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Thursday, November 10, 2016

Jacques Demy | L'Événement le plus important depuis que l'homme a marché sur la Lune (A Slightly Pregnant Man)


over the moon
by Douglas Messerli


Jacques Demy (writer and director) L'Événement le plus important depuis que l'homme a marché sur la Lune (A Slightly Pregnant Man) / 1973


Perhaps one of the strangest comedies ever committed to film, Jacques Demy’s

L'Événement le plus important depuis que l'homme a marché sur la Lune (A Slightly Pregnant Man) stars Marcello Mastroianni as an increasingly pregnant man and Catherine Deneuve as his hairdresser wife.

               As much as I love Demy’s whimsical views of the world, this one is dead in its tracks from  the very beginning, as driving school instructor Marco Mazetti (Mastrioianni) begins to suffer bouts of nausea, a desire for strawberries, and a growing belly. A trip to the doctors, the chain-smoking and increasingly incoherent Micheline Presle, sends him to a specialist who confirms that Mazetti is, indeed, the first male to become pregnant. 
        A similar “joke” was made in Rock Hudson’s role in the 1959 film, Pillow Talk; but there it was only a conceit, dreamed up by the writers perhaps just to tease those in the know about Hudson’s sexuality.  Hudson simply ducks into the gynecologist’s office to hide out from Doris Day, which intrigues both nurse and doctor. But here, Demy, a gay man (married to fellow director, Agnès Varda) takes it all the way, as the doctor determines his character’s pregnancy is the result of eating too much hormone-fed chicken, and Mastrioianni shares the  information with his wife and friends—who greet the fact with surprising equanimity—soon after serving as an national spokesman for a clothes designer determined to create a maternity wardrobe for men.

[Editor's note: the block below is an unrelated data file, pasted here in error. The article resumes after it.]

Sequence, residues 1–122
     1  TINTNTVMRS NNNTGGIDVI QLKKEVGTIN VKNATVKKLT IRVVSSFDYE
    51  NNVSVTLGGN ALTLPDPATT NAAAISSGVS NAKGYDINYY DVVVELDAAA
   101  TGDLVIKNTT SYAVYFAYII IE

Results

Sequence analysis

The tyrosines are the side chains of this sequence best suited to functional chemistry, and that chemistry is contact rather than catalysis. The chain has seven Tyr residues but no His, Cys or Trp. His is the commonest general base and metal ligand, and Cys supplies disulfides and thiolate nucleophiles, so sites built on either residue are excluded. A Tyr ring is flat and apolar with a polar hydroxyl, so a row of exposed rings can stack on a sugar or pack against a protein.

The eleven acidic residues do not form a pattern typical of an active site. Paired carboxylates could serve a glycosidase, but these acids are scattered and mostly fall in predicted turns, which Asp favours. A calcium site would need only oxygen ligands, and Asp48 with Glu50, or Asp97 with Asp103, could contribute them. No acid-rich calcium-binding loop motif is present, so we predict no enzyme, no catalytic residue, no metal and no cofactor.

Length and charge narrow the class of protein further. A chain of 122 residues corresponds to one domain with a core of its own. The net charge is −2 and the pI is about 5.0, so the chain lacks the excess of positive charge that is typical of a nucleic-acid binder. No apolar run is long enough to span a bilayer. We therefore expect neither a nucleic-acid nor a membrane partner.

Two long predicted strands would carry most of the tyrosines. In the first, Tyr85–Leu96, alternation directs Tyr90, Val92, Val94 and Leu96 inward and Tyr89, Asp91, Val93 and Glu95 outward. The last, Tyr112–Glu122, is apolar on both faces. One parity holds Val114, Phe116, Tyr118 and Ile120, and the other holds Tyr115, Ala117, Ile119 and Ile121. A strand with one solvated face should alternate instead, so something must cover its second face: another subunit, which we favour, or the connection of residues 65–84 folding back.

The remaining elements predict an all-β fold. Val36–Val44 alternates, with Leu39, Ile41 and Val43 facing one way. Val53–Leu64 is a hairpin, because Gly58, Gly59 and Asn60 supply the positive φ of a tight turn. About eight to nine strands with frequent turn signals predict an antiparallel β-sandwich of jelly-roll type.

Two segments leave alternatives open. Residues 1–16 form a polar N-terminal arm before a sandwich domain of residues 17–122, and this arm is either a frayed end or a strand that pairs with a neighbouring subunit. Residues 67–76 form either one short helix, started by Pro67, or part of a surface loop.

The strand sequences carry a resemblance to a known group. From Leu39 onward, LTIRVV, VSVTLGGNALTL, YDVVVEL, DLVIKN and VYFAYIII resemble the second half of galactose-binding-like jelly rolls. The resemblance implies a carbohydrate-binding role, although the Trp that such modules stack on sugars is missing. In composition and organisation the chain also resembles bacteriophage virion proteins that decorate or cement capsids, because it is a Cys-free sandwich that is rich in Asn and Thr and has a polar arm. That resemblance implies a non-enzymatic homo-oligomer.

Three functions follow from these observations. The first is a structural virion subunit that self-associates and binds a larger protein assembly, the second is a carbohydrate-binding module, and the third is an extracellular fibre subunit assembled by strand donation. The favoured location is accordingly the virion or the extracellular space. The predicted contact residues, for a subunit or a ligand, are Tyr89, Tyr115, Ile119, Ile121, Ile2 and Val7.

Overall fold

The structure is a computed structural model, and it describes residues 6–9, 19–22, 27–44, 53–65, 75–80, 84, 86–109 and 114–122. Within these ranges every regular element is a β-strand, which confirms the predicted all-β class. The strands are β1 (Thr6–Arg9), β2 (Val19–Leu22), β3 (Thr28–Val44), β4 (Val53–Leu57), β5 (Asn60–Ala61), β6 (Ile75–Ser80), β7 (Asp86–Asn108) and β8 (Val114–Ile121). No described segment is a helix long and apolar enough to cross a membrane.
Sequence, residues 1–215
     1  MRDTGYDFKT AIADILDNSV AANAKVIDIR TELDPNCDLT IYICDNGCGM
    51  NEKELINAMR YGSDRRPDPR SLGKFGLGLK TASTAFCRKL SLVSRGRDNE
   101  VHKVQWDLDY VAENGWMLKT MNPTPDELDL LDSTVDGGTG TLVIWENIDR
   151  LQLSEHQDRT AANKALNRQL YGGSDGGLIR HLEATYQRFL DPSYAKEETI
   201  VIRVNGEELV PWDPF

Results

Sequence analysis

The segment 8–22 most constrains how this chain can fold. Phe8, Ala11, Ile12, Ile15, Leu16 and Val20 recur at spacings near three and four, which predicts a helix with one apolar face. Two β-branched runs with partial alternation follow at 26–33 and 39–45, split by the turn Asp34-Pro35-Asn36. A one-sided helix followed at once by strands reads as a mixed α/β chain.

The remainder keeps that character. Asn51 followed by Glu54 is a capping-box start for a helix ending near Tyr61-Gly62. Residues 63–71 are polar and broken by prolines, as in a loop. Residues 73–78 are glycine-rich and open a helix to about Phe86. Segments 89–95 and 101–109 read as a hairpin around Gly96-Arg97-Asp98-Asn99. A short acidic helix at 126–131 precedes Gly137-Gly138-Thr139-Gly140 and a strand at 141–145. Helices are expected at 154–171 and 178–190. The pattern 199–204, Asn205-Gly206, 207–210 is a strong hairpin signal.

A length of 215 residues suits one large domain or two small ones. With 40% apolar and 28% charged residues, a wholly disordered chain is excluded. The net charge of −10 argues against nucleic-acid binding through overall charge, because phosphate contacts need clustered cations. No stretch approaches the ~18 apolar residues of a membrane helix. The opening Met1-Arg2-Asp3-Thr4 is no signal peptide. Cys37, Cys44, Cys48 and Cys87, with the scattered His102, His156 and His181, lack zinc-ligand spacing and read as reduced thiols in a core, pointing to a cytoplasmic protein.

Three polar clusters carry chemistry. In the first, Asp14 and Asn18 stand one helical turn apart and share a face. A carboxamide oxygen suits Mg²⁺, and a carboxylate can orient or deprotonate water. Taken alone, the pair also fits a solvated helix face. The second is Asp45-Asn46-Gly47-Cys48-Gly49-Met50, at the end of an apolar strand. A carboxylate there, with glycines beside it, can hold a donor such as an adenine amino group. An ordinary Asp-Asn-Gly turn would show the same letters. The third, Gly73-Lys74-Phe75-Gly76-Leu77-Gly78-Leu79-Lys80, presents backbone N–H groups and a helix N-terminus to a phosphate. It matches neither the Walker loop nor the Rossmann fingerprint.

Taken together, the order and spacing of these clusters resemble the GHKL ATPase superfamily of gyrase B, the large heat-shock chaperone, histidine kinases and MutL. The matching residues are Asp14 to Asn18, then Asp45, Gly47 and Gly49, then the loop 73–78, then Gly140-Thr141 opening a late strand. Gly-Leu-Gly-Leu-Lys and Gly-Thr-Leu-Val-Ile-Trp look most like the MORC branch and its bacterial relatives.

Several men even appear envious of his experience, and soon males from all over the world are reporting similar conditions.* One artist, a friend of a woman acquaintance, admits he has always wanted to have a baby. And the women joke that from now on they will all be better understood by their companions. 
       Like Demy’s previous movies, all of this fantasy is drolly handed out with bright colors and an occasional song. But as several critics have pointed out, since there is no tension between any of the characters, the “specialness” of the event is drained from the narrative, and we are allowed little delight in what otherwise might make for a series of charged statements either in defense or opposition to male birthing.

       Both Mastrioianni and Deneuve are so easygoing that they appear as if they reciting their lines instead of living through a kind of miracle. The only “thrill of it all” is that with the advertising money they can now afford to rent a larger hair-dressing shop and maybe even join businesses, with a small corner of the space devoted to Mazetti’s driving school. And, yes, now the couple, living together for years with a son from her previous marriage, will at last get married.
       In the days of French second-wave feminism and early gay liberation, and before gays could marry or adopt children, one can imagine that Demy dreamt up this fable to order to talk about his own desires for a male-centered domestic life. His and Varda’s own son, Mathieu, was born the year before he made this movie. 
     Yet, predictably, the movie can only disappoint, as Mazetti is finally told that his pregnancy has been only an hysterical one. And we remember that no man, not even on the moon, can have a baby by himself.

*Billy Crystal underwent a similar trauma in the movie Rabbit Test.

Los Angeles, November 10, 2016



 

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